What technology you have connecting your home to the World Wide Web will drastically affect the speed at which you can access broadband internet.
Up until recently almost all internet infrastructure would have been via ADSL, essentially the old phone cable networking which has been with us for generations. While the internet was a luxury that not everybody needed low speeds and a limited network were sufficient, but now that it’s considered a utility, and a part of the basket of goods by which the retail price index is measured.
Today, with the unrelenting demand for faster and faster broadband the old copper cables can’t cope. The technology was originally designed to transmit the human voice to other people (relatively) nearby. The human voice operates at around 50Hz and most phone calls people make were to friends and neighbours who live nearby. However, by introducing the internet to the equation the phone lines now need to deliver data at 2.45GHz all over the world.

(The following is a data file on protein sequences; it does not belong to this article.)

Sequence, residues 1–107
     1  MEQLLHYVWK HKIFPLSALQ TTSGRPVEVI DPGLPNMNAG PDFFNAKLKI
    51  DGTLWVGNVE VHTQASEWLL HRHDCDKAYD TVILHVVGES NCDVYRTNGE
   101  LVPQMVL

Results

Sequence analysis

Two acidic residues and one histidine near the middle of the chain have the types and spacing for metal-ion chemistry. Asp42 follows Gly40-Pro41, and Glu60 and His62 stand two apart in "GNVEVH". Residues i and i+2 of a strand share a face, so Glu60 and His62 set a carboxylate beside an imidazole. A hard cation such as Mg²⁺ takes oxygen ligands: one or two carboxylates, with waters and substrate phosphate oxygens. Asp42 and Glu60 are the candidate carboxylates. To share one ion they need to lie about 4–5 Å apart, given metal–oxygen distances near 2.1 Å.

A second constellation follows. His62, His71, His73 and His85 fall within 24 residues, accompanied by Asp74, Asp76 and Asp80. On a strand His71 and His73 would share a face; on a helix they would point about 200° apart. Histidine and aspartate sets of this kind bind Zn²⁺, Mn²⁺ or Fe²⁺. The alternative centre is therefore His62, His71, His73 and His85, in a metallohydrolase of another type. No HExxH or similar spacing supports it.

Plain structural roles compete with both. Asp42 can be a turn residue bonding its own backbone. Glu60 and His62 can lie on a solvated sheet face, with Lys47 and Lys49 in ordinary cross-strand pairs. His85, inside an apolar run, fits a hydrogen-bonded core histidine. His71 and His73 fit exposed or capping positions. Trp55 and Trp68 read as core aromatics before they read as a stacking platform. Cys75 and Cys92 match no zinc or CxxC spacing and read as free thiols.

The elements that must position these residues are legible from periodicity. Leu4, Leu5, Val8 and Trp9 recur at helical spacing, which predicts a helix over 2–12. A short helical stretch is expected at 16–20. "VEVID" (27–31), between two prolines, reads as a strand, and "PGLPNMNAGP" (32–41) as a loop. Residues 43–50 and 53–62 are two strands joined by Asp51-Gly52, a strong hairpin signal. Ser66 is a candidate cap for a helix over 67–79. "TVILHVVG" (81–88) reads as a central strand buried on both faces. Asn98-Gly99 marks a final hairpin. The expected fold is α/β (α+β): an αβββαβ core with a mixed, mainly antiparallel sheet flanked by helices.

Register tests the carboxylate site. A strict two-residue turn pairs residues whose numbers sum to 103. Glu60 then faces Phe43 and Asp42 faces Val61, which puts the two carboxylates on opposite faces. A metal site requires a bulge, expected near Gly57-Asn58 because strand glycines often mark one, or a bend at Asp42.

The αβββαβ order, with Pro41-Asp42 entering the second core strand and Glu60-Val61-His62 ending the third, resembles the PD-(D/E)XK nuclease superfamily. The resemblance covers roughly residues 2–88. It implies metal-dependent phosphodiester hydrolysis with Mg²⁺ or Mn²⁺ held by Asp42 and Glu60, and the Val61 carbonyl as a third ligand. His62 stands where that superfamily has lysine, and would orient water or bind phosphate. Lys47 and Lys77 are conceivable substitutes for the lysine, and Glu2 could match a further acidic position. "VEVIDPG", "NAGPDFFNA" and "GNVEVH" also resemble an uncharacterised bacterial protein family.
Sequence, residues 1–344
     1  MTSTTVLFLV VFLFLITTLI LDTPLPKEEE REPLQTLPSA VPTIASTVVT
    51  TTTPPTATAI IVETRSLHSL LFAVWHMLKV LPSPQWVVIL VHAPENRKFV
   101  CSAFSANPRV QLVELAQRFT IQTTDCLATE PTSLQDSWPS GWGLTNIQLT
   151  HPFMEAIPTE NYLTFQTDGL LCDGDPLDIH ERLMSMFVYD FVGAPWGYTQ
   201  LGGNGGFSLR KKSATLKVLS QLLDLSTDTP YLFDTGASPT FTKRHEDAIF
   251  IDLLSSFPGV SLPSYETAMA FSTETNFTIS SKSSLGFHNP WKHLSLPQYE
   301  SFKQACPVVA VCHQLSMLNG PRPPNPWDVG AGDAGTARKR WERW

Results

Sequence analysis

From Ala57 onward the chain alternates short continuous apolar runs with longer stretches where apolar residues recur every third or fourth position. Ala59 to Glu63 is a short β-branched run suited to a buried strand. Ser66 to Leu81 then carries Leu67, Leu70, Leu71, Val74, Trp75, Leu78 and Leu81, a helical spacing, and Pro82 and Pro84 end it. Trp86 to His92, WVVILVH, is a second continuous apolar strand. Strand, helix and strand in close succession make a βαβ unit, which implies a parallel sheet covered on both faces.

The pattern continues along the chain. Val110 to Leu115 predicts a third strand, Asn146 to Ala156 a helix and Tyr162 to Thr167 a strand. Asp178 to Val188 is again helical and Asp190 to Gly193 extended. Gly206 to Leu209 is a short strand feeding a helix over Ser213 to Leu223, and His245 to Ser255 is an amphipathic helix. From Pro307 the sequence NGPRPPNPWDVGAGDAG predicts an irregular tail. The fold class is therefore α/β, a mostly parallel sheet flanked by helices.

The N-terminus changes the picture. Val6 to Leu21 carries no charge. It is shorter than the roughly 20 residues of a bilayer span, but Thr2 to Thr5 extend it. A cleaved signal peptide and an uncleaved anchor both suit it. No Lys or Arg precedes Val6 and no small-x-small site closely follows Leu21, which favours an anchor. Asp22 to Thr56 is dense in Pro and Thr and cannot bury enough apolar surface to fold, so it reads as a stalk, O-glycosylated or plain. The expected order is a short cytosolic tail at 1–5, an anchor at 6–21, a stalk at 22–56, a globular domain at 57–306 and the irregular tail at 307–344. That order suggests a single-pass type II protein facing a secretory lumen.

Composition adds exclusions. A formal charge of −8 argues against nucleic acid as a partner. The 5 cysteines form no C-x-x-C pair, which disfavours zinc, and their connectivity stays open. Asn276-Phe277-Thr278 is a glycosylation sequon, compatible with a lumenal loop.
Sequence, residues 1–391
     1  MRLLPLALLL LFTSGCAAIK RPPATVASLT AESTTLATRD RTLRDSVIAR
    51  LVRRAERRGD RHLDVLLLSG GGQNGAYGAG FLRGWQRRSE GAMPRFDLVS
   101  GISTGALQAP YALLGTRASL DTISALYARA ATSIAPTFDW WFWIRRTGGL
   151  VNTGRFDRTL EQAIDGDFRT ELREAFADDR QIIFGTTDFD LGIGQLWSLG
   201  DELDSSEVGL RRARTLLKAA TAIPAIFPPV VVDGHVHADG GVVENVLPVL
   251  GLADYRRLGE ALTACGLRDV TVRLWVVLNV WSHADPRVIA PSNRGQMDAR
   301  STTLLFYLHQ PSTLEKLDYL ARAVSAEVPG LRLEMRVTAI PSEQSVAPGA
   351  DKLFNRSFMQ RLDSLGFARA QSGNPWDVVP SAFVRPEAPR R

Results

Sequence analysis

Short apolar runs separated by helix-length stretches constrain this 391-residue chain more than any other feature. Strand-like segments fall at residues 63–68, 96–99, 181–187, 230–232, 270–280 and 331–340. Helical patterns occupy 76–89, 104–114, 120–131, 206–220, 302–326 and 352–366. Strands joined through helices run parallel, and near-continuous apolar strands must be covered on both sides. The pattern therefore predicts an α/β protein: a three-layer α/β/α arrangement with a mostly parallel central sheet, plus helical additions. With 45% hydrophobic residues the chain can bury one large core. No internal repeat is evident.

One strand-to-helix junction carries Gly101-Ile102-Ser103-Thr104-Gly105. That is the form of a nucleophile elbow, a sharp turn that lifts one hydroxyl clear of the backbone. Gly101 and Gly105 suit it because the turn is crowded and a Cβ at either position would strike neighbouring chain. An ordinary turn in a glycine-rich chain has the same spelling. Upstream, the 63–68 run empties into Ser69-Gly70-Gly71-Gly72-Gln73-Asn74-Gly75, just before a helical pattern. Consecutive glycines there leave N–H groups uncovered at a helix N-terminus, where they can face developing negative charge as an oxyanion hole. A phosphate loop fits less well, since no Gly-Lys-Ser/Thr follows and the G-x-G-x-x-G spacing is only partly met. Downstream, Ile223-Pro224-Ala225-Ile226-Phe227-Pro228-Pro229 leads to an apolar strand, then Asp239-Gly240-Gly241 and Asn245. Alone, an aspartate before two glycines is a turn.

To overcome the limitations a number of solutions have been invented. First among these is Fibre To The Cabinet (FTTC). FTTC is based on fibre optic technology, taking advantage of the fact that by using light instead of electrical impulses to transmit data it can deliver speeds many times that which cable alone can provide. FTTC is something of a compromise in terms of data speeds and convenience of installation. Fibre optic lines are installed as far as the kerbside cabinets you find at the end of most streets. From there they use the existing copper wires to connect your home to the web. That copper leg does slow the data down, however, because the rest of the data’s journey is fibre optic, the overall system is much faster than copper cable alone. FTTC involves using existing connections to the home, so there is no digging up pavements or installing new overhead lines to each property. Read more